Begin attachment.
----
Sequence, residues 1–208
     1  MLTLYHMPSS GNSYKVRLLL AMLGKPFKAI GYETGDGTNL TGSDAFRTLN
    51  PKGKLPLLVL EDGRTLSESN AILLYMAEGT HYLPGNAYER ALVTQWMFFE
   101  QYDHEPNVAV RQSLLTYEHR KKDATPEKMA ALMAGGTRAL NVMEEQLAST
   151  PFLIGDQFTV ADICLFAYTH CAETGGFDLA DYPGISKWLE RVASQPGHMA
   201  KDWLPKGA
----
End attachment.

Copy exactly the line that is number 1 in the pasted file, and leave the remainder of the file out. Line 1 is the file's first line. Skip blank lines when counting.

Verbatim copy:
Sequence, residues 1–208